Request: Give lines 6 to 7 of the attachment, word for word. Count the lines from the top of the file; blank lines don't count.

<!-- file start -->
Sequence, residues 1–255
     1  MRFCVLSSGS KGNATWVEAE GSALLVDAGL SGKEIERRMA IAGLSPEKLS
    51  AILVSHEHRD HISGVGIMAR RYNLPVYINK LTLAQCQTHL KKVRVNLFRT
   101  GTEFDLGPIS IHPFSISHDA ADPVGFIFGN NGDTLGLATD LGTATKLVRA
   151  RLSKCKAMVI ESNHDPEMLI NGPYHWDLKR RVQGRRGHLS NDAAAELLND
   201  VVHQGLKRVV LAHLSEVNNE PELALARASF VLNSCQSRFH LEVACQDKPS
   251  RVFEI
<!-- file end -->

   201  VVHQGLKRVV LAHLSEVNNE PELALARASF VLNSCQSRFH LEVACQDKPS
   251  RVFEI